Winter arrived yesterday, pulled in on a sled of Arctic air that slipped down across the western two-thirds of the nation, from frosty Seattle to snowy California and the frozen Texas panhandle.

The cold turned truck fuel to gel in Wyoming, where temperatures plunged to 50 degrees below zero Fahrenheit in some places. It snapped power transmission lines and delayed Amtrak's Seattle-to-Chicago "Empire Builder" on tracks brittle from the cold between Seattle and Fargo, N.D.

Records were tied or broken in many places, including Denver, which matched a record at 21 degrees below zero, and Casper, Wyo., where it was 41 below. In Medford, Ore., the record of 4 below zero was 15 degrees below the previous mark for the date.

In Texas, it was 2 degrees below in Amarillo and 6 above in Lubbock.

The storm has been blamed for at least 14 deaths in Washington, Iowa, Oregon, California, Oklahoma and Mississippi since Tuesday.

The cold moved south briskly. In Page, Okla., temperatures dropped from 53 to 29 degrees in 30 minutes yesterday morning, forecaster Jim Purpura said.

"They have to join the rest of us," he said, referring to portions of Oklahoma that had been spared the frigid weather.

In Wyoming, hundreds of Christmas travelers abandoned their frozen vehicles. "The problem is not the road conditions -- the roads are pretty dry," said Michelle Ryel, a dispatcher with the Wyoming Highway Patrol in Cheyenne. "The problem is the bitter cold is freezing up these trucks. Their fuel is gelling."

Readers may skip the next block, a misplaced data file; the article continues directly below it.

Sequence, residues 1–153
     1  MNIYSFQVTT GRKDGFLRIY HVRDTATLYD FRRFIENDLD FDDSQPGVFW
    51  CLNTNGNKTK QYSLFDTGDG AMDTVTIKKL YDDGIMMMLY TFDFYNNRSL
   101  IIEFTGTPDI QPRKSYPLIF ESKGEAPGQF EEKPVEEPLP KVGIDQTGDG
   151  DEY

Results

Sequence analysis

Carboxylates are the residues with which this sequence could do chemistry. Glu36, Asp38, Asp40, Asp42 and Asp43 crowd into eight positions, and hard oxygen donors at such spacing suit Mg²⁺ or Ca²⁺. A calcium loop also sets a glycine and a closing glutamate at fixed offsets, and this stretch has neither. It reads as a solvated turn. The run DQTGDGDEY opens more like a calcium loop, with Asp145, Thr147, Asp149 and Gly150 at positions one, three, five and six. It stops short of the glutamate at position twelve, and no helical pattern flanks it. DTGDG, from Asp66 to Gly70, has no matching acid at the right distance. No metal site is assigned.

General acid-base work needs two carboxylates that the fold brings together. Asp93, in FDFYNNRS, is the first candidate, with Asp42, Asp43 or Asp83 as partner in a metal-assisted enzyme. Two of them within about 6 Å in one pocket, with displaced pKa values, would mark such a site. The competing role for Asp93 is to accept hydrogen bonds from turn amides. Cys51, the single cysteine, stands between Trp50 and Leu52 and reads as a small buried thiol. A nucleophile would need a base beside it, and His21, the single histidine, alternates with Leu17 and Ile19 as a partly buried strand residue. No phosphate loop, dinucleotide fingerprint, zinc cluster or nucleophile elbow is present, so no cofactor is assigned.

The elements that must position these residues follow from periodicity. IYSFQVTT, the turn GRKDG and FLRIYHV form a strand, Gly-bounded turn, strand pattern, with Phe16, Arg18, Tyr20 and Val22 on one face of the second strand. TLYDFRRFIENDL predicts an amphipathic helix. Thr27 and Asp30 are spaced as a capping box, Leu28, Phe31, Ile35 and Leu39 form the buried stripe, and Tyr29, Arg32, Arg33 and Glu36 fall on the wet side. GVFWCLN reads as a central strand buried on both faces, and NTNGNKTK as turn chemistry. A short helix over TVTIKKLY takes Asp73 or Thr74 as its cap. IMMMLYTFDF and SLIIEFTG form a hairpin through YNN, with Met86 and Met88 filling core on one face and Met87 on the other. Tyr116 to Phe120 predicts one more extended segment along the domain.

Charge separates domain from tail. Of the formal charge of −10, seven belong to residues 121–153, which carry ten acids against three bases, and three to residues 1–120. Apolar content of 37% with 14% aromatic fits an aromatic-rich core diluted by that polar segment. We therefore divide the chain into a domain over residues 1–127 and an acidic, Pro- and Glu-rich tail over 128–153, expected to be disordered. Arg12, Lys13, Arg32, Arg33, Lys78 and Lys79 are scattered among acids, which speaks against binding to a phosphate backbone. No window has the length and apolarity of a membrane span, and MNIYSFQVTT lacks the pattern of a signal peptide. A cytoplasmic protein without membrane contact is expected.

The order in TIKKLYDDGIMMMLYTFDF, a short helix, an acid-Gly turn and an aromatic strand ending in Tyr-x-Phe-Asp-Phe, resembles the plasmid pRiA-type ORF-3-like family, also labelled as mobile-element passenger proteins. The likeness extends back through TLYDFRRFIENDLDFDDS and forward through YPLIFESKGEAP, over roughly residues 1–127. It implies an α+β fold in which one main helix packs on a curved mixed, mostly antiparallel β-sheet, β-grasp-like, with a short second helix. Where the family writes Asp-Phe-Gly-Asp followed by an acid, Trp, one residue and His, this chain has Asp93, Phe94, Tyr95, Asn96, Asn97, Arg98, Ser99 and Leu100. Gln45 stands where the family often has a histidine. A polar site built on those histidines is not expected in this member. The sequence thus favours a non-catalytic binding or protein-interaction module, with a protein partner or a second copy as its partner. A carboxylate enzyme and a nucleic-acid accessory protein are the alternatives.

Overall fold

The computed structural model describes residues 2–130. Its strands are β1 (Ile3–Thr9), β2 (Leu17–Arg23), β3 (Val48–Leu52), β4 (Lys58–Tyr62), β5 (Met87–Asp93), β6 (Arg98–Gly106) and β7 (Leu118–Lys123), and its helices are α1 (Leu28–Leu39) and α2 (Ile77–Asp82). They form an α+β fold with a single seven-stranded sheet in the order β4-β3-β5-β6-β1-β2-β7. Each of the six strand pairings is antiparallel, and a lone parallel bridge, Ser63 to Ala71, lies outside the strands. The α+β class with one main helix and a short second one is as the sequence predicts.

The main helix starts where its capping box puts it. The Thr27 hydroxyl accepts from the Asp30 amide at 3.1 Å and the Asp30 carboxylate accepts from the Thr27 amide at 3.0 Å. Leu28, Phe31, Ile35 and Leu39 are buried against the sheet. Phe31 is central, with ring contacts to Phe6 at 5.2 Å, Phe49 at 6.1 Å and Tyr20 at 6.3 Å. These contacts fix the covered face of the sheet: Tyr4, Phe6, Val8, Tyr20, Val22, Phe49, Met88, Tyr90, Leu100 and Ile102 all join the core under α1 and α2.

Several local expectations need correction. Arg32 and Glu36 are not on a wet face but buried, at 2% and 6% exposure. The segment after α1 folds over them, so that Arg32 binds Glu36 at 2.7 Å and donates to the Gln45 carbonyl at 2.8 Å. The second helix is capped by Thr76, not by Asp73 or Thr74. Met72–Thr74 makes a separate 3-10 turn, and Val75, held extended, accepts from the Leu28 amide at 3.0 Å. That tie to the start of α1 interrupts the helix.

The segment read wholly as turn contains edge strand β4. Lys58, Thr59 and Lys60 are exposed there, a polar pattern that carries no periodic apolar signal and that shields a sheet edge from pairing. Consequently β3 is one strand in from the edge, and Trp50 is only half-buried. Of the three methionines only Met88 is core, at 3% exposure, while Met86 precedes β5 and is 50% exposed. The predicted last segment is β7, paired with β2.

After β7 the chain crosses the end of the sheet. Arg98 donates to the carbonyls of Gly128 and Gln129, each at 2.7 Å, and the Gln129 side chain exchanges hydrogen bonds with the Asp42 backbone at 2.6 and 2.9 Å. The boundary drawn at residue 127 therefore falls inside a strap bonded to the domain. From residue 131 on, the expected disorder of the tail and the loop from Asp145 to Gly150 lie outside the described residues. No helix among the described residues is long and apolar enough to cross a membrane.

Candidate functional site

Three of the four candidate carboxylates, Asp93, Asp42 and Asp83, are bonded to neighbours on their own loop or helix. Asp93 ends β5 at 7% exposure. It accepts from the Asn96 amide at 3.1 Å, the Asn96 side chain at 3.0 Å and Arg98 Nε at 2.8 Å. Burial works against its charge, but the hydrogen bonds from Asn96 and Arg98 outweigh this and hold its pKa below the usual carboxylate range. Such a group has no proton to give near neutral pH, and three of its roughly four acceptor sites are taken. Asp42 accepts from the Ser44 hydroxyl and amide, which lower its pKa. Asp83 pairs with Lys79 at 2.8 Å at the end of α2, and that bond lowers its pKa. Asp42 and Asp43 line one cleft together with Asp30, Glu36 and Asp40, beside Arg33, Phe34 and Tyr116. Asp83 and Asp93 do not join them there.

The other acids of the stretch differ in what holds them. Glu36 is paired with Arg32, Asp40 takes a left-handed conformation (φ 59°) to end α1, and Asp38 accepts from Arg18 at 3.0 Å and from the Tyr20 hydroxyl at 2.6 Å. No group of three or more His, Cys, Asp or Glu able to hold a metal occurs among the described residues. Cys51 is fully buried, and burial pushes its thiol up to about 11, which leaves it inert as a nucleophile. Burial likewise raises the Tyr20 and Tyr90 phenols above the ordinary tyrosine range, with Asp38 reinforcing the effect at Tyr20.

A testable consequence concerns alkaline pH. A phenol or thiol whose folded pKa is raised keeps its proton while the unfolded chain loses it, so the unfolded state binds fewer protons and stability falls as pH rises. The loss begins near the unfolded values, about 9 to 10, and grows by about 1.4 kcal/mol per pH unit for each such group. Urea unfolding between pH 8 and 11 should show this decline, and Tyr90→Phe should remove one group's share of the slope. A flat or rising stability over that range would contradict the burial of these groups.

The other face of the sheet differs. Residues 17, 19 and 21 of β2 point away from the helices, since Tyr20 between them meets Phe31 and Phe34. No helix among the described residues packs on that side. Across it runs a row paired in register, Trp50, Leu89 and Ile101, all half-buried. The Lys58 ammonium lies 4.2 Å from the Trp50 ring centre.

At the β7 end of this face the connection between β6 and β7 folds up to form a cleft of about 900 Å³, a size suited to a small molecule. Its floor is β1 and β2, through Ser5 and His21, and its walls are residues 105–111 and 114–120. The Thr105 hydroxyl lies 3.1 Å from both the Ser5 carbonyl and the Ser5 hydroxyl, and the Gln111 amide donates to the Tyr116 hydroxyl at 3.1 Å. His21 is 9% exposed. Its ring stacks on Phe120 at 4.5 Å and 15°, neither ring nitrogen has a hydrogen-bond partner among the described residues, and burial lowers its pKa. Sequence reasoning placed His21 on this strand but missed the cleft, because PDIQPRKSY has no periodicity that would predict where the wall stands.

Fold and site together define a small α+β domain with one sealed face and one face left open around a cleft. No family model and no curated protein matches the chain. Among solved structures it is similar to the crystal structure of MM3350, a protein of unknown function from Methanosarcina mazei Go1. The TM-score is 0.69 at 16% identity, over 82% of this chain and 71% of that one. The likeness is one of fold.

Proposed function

Eight inches of snow fell at Gallup, N.M., where a recreation center was converted to an overnight shelter for stranded travelers.

Train travelers were delayed up to 24 hours when the cold stalled Amtrak's "Empire Builder." "It's cold enough to crack {rails} when the ice builds up," said Amtrak spokesman John Jacobsen. "Sometimes it just separates the rails, but whether it actually cracks a rail or simply separates a rail, you can't operate a train. You have to wait to get a repair crew there."

More than 3,000 homes in southern Oregon lost their natural gas supply when pressure dropped in a pipeline that supplies the area.

Thunderstorms and twisters swirled through Mississippi and Louisiana, overturning a tractor-trailer rig, blowing cars off the road, damaging buildings and injuring at least five people.